Overall KRK has done a good job with GoAux, delivering compact and portable monitors with a very workable sound. GoAux is great for those on the move or short of space. The extra features are what take it into really noteworthy territory.
IK Multimedia Precision 6
Finally, some bigger (and, it has to be said, much more expensive) monitors in the award-winning iLoud range from IK Multimedia.
iLoud Precision 6 is the middle monitor in the new Precision range. It has a great set of specs, with a wide frequency range (37Hz – 30kHz) with very little variation in colour across it (a +/- 1 dB accuracy) which means that the response is flat.
These speakers also employ the ARC System of calibration via a piece of software called X-Monitor to auto-adjust to your room.
When we set them up before employing the ARC system, we were already impressed with their controlled response while playing some trusted mixes of our own music plus our standard ‘speaker test’ tracks.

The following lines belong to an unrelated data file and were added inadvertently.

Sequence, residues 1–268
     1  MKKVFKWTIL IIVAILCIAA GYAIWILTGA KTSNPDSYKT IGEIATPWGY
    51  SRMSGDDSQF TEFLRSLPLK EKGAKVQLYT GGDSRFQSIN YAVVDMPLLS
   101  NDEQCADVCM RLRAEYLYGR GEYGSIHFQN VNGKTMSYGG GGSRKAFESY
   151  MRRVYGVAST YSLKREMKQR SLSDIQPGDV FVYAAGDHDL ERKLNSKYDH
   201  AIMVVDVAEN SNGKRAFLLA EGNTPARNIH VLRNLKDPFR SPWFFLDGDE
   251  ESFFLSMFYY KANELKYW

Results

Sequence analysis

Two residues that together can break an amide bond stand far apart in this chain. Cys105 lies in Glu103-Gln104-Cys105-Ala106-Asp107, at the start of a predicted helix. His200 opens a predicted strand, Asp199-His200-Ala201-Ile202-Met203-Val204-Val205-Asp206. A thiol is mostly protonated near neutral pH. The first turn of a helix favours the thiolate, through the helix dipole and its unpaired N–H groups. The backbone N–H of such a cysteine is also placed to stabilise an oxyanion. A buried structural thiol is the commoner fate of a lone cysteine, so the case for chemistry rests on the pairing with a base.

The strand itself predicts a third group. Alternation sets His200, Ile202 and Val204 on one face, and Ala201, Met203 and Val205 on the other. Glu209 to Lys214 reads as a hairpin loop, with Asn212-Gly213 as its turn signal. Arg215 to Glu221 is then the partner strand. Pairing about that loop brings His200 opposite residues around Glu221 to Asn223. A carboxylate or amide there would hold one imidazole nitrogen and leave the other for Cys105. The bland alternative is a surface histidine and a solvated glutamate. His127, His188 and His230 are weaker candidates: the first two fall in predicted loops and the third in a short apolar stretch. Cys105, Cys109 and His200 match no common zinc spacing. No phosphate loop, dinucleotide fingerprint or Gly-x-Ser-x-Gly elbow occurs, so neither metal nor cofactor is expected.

These Precision 6s really do deliver extra detail over and above our very decent reference monitors. We were impressed not only with the extras we were getting across the frequency range in our mixes but also the tightness - the fast response of the speakers to the transients in the music.
Post calibration we weren’t expecting to hear that much difference but the test revealed bass enhancements that we couldn’t initially detect - probably caused by their position on a desk and in a corner - which were then evened out in the adjustment process, resulting in a flatter and truer response.
We’d definitely recommend auditioning a set of Precisions - you will hear your music in a completely new light so they could revolutionise your mixing.